to see how our photographers use technology in the field.
This is one in a series of email dispatches from Africa written this fall by photographer Michael Nichols to his picture editor, Kathy Moran.
It rained hard again at sunset, so again we missed being able to call you and Chris [Chris Johns, the Editor in Chief]. We are in a pattern of incredible sunset storms. This storm light is extraordinary, the stuff of Serengeti fantasy.
I learned another hard lesson today. The last two days we have been trying to do a flight test with the micro-copter, using elephants as subjects. I suspect they will tolerate it as if it were a huge mechanical tsetse fly. We drove west along the river to an elephant paradise we discovered in our scouting. This took us out of the open plains where the light is so magnificent. Yesterday we aborted the flight. The storm hit us just as we were ready to start.
Today we saw a huge mass of wildebeests cross the river, but could not get in a spot to make good images. I watched the back of literally thousands of heads dive into the water.
After this we returned to camp, picked up the micro-copter, headed for the elephants, and found four big males in beautiful light eating an acacia tree they had pushed over. Below them—the wild Mara River—just the setting for an aerial view from the portable, remote-controlled helicopter.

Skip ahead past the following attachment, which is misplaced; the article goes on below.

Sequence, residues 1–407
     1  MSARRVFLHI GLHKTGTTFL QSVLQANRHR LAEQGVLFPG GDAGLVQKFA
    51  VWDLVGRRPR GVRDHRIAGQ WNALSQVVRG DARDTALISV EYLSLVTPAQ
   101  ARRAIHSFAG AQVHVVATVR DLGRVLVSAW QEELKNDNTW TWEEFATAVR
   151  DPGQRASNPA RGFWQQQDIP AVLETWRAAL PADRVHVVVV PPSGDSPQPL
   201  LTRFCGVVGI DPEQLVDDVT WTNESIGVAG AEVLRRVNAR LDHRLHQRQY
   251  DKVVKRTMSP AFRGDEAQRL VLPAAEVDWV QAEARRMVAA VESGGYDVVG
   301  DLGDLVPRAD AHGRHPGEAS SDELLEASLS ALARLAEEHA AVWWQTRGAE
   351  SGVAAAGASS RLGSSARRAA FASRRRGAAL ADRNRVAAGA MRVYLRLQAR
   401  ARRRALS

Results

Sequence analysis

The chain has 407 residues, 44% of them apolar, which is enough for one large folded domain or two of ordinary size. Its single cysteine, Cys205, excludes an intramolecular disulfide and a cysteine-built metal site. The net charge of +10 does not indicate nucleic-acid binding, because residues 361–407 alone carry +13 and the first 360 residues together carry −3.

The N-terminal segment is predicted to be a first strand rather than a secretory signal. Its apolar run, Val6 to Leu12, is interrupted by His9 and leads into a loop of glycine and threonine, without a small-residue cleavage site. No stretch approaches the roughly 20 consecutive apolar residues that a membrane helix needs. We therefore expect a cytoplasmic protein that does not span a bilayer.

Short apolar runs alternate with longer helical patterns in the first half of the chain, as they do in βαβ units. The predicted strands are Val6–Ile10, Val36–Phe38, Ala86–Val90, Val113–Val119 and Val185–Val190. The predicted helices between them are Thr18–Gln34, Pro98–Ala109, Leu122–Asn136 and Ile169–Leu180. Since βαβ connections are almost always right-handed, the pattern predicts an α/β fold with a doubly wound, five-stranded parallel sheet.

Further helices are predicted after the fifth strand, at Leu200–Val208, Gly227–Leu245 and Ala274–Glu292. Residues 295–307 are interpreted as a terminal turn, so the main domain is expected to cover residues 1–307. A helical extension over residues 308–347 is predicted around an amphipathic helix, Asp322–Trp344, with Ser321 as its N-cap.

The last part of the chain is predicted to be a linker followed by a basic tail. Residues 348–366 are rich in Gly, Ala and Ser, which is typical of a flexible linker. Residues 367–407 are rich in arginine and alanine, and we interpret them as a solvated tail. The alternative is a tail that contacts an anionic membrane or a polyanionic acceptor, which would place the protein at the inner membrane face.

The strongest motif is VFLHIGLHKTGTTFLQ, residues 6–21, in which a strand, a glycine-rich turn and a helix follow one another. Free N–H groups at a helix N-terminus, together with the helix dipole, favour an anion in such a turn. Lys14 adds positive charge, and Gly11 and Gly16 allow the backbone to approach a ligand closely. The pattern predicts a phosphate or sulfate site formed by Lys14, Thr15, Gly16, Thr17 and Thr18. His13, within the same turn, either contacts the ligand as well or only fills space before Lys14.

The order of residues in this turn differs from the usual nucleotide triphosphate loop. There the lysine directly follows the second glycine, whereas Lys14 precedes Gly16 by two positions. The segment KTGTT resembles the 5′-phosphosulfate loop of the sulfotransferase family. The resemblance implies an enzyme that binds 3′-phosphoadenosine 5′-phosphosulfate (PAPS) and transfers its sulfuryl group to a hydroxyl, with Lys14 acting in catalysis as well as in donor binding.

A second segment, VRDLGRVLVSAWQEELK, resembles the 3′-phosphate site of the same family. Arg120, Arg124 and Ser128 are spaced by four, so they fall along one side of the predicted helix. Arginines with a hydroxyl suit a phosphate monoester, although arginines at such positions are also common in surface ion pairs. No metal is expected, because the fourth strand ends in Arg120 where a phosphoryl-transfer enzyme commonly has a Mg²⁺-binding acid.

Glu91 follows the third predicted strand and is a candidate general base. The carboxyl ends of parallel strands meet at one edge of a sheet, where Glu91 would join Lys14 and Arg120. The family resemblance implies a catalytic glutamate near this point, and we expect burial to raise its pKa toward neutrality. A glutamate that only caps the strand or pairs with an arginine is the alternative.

I could tell Nathan was excited. He has invested many months learning to fly and field-repair this complex piece of technology. I drove us into position above the elephants and we quickly prepared all the tools required to make this work—a computer to monitor the battery level, video goggles to see what the small camera mounted on the copter sees, and finally the little six-bladed machine.
Nathan fired it up, lifted into the air, and it immediately ran away, went out of control, and crashed into the grass uphill from us.
A complex piece of technology! In his excitement, Nathan made it take off in autopilot and the thing’s brain was amiss and we lost control. Nathan is perfectly capable of flying and takeoff but decided to trust the machine over himself. Ha! A hard lesson that will be costly in time and money.
I missed the light again, letting the hope of what the micro-copter will later allow me to do in photographing lions get in the way of my instincts and experience, which screamed: Take what this place is giving!
A hard lesson.